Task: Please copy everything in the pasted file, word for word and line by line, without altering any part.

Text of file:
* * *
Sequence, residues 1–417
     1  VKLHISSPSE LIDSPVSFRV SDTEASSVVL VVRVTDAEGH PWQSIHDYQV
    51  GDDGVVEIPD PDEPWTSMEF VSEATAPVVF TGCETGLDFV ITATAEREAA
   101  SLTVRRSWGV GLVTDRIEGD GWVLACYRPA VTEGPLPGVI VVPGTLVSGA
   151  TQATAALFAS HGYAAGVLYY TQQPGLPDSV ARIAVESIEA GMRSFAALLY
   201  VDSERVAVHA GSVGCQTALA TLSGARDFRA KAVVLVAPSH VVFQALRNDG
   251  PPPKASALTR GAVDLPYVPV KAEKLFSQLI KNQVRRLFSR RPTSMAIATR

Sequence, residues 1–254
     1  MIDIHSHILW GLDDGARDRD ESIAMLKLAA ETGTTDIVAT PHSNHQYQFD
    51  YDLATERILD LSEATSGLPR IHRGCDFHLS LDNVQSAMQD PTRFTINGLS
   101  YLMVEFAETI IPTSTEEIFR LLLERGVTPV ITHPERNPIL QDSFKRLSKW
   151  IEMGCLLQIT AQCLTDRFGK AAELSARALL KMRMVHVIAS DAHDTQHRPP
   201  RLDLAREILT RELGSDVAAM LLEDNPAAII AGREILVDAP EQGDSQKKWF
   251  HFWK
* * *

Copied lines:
Sequence, residues 1–417
     1  VKLHISSPSE LIDSPVSFRV SDTEASSVVL VVRVTDAEGH PWQSIHDYQV
    51  GDDGVVEIPD PDEPWTSMEF VSEATAPVVF TGCETGLDFV ITATAEREAA
   101  SLTVRRSWGV GLVTDRIEGD GWVLACYRPA VTEGPLPGVI VVPGTLVSGA
   151  TQATAALFAS HGYAAGVLYY TQQPGLPDSV ARIAVESIEA GMRSFAALLY
   201  VDSERVAVHA GSVGCQTALA TLSGARDFRA KAVVLVAPSH VVFQALRNDG
   251  PPPKASALTR GAVDLPYVPV KAEKLFSQLI KNQVRRLFSR RPTSMAIATR

Sequence, residues 1–254
     1  MIDIHSHILW GLDDGARDRD ESIAMLKLAA ETGTTDIVAT PHSNHQYQFD
    51  YDLATERILD LSEATSGLPR IHRGCDFHLS LDNVQSAMQD PTRFTINGLS
   101  YLMVEFAETI IPTSTEEIFR LLLERGVTPV ITHPERNPIL QDSFKRLSKW
   151  IEMGCLLQIT AQCLTDRFGK AAELSARALL KMRMVHVIAS DAHDTQHRPP
   201  RLDLAREILT RELGSDVAAM LLEDNPAAII AGREILVDAP EQGDSQKKWF
   251  HFWK